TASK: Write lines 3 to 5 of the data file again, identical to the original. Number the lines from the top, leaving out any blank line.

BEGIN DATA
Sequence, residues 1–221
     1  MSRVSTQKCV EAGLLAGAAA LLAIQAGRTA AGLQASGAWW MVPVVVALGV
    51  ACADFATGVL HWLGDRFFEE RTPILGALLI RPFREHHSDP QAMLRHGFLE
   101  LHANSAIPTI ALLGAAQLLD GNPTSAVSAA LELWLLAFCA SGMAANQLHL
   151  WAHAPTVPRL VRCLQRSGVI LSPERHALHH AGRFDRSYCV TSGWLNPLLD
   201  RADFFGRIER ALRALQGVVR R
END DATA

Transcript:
    51  ACADFATGVL HWLGDRFFEE RTPILGALLI RPFREHHSDP QAMLRHGFLE
   101  LHANSAIPTI ALLGAAQLLD GNPTSAVSAA LELWLLAFCA SGMAANQLHL
   151  WAHAPTVPRL VRCLQRSGVI LSPERHALHH AGRFDRSYCV TSGWLNPLLD